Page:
Bedwetting may require professional evaluation if it is associated with: fever, painful urination; excessive thirst, loss of bowel control, or sudden onset with great frequency.
If your child is worried about her bedwetting, your pediatrician can probably reassure her. Consult your pediatrician in private first, without your child. That way you will spare your preschooler's feelings and you can let your doctor know that it's your child, not you, who is concerned about the problem.
Bedwetting is a common problem among preschoolers. Indeed, it should not even be considered a "bad habit," because your child cannot control it. Although bedwetting may persist through (or even beyond) your child's fifth year, most children grow out of it during the early years of school.
If bedwetting occurs only occasionally, don't worry about it. In fact, consider yourself (and your child) blessed. But habitual bedwetting (which your pediatrician calls enuresis) is seldom a cause for concern. In nine out of ten cases, enuresis results from a delay or slowness in development. Only a handful of cases result from an emotional cause (pressure from parents to toilet train too early, for example) or a physical cause (a urinary infection or a bladder abnormality). If, despite these reassurances, you still have any concern about your child's bedwetting, you should, of course, discuss them with your pediatrician.
Whatever the cause of your preschooler's bedwetting—and no matter how frequent—it's certainly not her fault. So regardless of how tired you are or how angry and frustrated you feel at having to change the bed for the fifth time this week, try not to blame your child for her bedwetting. Have patience. Your child will probably stay dry both day and night by age five or six.
A sudden rise in the frequency of bedwetting may indicate stress in your preschooler's daily life. The causes of a preschooler's stress are many: the arrival of a new baby, an extended or unanticipated separation from you or your partner, getting lost in the department store, an illness or hospital stay, a death in the family, and so on. If you recognize the source of stress, talk to your child about it as kindly and openly as possible. If you pamper your child for a while, chances are that the bedwetting frequency will revert to normal.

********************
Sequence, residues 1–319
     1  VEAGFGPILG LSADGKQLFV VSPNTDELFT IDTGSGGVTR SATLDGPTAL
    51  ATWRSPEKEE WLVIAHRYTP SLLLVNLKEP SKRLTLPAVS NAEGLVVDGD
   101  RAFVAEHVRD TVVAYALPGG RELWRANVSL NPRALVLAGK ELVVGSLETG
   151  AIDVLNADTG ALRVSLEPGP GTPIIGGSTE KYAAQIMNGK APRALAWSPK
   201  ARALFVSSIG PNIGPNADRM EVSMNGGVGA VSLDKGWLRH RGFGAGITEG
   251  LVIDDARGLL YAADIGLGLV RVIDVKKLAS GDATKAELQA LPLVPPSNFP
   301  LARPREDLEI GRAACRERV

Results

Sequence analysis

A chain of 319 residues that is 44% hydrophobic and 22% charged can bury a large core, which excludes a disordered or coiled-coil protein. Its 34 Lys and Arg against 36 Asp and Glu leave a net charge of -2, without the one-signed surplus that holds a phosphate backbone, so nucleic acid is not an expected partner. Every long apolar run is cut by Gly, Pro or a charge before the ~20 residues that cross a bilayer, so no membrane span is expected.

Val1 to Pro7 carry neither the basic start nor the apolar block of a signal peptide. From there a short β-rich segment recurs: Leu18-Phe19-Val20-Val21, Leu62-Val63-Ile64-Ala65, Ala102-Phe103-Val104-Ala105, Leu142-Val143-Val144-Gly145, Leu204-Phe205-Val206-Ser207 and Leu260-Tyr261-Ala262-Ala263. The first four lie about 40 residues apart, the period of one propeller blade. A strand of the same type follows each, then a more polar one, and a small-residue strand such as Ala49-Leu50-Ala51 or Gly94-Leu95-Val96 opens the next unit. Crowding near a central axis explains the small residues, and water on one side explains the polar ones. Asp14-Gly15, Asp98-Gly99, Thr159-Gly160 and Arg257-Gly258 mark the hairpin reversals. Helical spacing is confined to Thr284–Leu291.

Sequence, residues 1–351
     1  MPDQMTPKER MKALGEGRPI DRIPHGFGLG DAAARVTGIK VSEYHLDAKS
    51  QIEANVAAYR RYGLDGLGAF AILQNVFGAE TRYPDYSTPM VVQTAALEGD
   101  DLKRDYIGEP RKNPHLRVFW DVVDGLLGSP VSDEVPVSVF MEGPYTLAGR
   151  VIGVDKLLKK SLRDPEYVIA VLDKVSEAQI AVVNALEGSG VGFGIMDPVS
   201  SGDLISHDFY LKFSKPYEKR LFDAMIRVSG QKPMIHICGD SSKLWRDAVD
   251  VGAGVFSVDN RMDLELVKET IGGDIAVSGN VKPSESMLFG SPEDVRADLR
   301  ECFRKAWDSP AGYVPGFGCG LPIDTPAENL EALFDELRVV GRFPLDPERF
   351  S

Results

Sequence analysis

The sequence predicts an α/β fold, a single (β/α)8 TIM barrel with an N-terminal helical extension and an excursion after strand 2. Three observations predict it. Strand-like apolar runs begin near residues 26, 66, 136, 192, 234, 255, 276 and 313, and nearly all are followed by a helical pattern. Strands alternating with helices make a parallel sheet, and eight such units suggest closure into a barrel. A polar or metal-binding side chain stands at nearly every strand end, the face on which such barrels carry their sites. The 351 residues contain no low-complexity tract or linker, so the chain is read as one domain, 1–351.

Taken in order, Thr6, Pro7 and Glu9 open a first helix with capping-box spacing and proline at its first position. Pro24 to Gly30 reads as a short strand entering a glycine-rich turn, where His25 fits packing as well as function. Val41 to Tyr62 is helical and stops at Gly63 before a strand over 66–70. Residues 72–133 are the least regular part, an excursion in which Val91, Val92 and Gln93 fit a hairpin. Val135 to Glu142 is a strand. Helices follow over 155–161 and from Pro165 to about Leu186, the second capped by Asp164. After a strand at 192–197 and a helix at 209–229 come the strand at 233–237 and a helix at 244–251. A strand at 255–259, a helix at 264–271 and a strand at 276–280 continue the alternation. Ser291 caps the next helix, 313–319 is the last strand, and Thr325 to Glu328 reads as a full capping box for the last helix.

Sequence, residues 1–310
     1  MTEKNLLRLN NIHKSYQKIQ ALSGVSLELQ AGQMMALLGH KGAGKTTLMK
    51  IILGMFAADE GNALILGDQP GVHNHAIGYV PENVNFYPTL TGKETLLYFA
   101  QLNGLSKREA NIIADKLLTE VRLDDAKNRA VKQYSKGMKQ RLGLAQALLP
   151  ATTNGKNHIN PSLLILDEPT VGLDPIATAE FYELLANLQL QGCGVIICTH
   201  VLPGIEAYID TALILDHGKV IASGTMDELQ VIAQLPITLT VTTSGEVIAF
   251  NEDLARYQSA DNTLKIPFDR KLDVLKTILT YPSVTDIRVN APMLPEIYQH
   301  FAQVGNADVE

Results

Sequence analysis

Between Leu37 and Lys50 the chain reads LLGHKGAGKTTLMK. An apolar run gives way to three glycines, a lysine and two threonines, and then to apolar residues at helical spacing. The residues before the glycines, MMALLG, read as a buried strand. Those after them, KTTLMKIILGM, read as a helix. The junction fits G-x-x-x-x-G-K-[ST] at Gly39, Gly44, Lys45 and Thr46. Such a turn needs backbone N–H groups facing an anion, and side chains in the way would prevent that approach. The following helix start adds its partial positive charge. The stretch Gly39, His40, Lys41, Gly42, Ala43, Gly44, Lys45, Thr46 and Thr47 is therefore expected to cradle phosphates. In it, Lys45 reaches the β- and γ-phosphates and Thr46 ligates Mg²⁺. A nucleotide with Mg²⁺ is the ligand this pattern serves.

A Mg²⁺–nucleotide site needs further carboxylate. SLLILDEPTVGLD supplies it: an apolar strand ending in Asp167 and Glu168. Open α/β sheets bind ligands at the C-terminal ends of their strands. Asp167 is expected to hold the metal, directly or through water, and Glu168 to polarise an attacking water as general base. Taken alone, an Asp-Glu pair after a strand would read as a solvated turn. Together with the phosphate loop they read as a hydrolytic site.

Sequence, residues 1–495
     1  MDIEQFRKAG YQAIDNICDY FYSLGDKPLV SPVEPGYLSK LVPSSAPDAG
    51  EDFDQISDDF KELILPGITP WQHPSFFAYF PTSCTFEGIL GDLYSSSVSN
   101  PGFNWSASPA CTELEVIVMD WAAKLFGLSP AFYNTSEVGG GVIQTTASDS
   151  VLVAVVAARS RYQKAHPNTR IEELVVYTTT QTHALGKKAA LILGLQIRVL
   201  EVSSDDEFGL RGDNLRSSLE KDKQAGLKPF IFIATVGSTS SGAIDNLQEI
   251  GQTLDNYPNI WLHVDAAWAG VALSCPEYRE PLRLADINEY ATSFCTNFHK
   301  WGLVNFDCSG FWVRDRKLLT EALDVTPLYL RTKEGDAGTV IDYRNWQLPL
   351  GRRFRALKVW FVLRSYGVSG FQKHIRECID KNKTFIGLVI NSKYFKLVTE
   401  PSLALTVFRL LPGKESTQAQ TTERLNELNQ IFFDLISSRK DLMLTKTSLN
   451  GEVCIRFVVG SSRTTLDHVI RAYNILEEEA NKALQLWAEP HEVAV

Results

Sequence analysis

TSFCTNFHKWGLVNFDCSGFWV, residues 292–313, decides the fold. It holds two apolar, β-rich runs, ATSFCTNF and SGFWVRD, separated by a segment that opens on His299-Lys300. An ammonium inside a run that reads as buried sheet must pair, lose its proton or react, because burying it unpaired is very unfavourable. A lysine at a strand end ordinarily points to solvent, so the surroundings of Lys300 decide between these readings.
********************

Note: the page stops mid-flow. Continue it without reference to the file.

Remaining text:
If you want to do what little you can to cut down on the frequency of bedwetting, try the following:
- Encourage your child to use the toilet right before she goes to sleep at night.
- Cut down on your child's fluid intake before bed. Although this may achieve some short-term success, it may have little or no long-term impact (besides being somewhat inhumane).
- Take your child to the bathroom before you go to bed yourself. Though this tactic may cut down on the times you have to change the bed, it will not in any way affect the overall problem of bedwetting. Nor does it really address the cause of bedwetting. Indeed, because taking your child to the bathroom at midnight may not even wake her up, this strategy might actually encourage her to urinate in her sleep.
The best approach to bedwetting is to treat it as no big deal. Accidents do happen, and habitual bedwetting usually signals late development, not illness. Your child will eventually outgrow it, but again, it might not be until she's six or seven years old.
So praise your child when she wakes up dry in the morning (without making too big a show of it), but don't chastise her for a nighttime accident (or a daytime accident for that matter). Strong parental disapproval only makes the problem worse.